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Keep accounts or get rid of them?

Discussion in 'Commercial Snow Removal' started by fordpsd, Sep 3, 2009.

  1. fordpsd

    fordpsd Senior Member
    Messages: 308

    Looking for a little insight here. Last season was the first year i started plowing and i do mostly sub work for a guy i know. I also had 30 residential accounts that my buddy took care of, all which had to be down with snowblowers because they are just to small to do with the plow. Now that he is away for college i am not sure whether to hire someone or give the accounts up. I do not have a second vehicle so the person i hire would have to provide their own transportation. Is it worth it to keep the small residential accounts or just get rid of them?

    Also i am not sure if this is the correct place to post this so let me know if it should moved.

  2. big acres

    big acres Senior Member
    Messages: 653

    In this economy I would bet you could interview enough people to find a very responsible, over-qaulfied and under-employed person who owns a great snowblower and an SUV with big payments.

    If there is enough margin to sub it to this person, then do it. Even if you don't make much for handling the paperwork, you'll have another year to decide what you want to do with the accounts.

    Make sure you have "non-owned" vehicles covered on your insurance policy.
  3. RLM

    RLM PlowSite.com Addict
    Messages: 1,270

    I just had someone inquire about employment that has there own 4 wheeler with plow. It happens.
  4. redman6565

    redman6565 PlowSite.com Addict
    Messages: 1,411

    can them. i mean honestly, how much are you actually making off of these driveways and do you really think you're going to make a lot if someone that you don't know is out there plowing them? i don't know man, too much risk. for all you know, that guy will end up stealing your clients anyways after year.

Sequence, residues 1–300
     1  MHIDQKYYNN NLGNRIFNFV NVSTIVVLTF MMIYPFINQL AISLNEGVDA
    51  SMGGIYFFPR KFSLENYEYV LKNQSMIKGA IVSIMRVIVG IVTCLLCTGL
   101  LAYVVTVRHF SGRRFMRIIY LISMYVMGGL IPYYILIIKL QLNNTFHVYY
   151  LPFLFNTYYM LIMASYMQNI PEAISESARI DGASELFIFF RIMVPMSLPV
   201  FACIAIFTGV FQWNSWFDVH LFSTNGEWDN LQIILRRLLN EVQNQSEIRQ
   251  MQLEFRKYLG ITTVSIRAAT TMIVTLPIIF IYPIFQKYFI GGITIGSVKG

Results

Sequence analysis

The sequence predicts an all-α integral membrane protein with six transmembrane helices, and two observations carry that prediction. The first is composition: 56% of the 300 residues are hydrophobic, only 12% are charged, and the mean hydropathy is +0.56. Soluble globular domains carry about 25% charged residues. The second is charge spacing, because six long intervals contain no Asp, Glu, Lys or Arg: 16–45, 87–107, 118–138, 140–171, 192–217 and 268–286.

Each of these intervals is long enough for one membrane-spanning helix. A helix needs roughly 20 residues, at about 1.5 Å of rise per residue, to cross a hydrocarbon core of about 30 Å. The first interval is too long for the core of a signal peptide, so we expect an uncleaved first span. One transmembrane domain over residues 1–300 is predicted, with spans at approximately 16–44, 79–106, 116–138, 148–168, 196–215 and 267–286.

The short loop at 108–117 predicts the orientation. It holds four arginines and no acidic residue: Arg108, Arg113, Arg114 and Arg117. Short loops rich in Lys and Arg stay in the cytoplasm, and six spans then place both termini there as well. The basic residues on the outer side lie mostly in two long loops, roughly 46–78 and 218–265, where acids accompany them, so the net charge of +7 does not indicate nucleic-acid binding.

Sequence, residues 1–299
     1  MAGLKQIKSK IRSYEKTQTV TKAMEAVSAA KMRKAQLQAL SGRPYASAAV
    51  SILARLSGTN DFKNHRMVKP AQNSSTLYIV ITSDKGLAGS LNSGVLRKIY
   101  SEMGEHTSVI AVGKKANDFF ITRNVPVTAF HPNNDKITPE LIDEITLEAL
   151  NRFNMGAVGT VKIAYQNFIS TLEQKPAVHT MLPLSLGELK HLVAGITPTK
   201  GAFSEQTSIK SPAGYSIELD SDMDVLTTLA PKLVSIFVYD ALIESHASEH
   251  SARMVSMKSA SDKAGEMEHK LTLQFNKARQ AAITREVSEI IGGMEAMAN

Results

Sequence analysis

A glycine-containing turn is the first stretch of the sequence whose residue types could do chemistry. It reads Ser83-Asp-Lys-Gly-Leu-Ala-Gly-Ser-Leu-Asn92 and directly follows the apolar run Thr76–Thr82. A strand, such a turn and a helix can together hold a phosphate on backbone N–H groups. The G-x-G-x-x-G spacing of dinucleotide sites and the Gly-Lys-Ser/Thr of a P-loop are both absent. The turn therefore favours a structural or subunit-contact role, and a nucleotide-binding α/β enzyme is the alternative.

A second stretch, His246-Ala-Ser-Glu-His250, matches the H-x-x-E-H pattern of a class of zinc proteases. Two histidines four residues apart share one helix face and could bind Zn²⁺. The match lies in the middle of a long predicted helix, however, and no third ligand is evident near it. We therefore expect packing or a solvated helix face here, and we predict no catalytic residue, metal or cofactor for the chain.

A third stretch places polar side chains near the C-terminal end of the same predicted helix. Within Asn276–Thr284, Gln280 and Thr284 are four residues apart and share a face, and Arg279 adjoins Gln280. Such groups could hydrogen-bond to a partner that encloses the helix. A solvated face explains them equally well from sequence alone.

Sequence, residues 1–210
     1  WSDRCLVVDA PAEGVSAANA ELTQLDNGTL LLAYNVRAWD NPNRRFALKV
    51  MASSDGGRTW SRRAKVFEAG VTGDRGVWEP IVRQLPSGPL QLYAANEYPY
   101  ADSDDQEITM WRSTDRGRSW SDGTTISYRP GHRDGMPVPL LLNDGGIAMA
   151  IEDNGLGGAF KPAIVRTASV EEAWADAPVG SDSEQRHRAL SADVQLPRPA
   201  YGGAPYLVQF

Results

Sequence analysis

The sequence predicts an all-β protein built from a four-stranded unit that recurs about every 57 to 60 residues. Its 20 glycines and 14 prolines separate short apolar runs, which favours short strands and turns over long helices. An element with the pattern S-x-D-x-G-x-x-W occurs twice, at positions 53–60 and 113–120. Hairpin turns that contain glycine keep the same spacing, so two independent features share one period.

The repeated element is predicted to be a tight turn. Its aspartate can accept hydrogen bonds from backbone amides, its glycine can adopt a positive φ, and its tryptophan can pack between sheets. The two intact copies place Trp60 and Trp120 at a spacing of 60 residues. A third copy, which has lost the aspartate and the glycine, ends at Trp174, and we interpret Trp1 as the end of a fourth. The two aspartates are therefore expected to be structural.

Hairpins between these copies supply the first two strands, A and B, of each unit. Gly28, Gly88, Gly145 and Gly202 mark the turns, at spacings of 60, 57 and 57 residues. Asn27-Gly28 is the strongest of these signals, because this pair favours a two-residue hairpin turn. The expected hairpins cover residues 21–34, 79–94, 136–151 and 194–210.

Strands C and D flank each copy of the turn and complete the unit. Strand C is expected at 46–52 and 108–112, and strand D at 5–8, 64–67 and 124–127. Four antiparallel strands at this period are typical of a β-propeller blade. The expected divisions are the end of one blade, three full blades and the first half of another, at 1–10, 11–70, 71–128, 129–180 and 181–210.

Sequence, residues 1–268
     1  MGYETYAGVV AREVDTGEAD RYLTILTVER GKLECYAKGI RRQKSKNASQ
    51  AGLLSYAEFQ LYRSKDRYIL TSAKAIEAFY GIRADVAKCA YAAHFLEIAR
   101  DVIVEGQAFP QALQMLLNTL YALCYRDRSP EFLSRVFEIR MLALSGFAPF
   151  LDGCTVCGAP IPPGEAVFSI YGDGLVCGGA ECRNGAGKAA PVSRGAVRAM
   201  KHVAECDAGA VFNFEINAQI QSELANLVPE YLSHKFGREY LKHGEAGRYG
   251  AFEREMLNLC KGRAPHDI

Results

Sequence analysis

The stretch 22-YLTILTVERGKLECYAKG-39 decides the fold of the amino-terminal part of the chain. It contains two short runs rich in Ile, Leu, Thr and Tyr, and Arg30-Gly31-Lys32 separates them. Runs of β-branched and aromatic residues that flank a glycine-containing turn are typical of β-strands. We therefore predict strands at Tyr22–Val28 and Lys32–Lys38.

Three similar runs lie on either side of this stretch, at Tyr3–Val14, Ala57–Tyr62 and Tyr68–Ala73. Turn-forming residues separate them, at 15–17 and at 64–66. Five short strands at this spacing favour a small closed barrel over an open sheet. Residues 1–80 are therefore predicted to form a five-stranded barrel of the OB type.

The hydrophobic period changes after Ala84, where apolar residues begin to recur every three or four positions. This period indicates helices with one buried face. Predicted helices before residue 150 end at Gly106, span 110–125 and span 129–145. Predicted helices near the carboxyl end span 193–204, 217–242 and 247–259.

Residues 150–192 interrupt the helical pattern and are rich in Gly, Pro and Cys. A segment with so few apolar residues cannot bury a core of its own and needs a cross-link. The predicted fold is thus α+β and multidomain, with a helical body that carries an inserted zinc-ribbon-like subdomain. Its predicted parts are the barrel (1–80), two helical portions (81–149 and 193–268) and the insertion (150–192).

5. QuadPlower

    QuadPlower PlowSite.com Addict
    Messages: 1,056

    Do what you can handle and sub the rest.

    Make sure you have a contract with the sub to say he is a sub and not an employee. Also, make sure it mentions what they are responable for. i.e. when to plow, spring damage repair (sod), winter damage repair (mailboxes, garage doors, etc)

    Good Luck
  6. fordpsd

    fordpsd Senior Member
    Messages: 308

    All the residential have to be down by shovel or snowblower. I could provide the snowblowers but that would make them my employee correct? If I found someone to do them with their own snowblower they would be a sub?
  7. MileHigh

    MileHigh PlowSite.com Addict
    Messages: 1,827

    Who made you agree to doing the clearing with only shovel's and blowers? And why?

    And how do you have confusion on what a "sub" is, when you were one last season?

    A real sub-contractor is an insured business owner who owns and maintains all of his own equipment. This company will usually also have employees and or subs of their own as well.

    I would keep the accounts if you made money subbing them out...that's an obvious.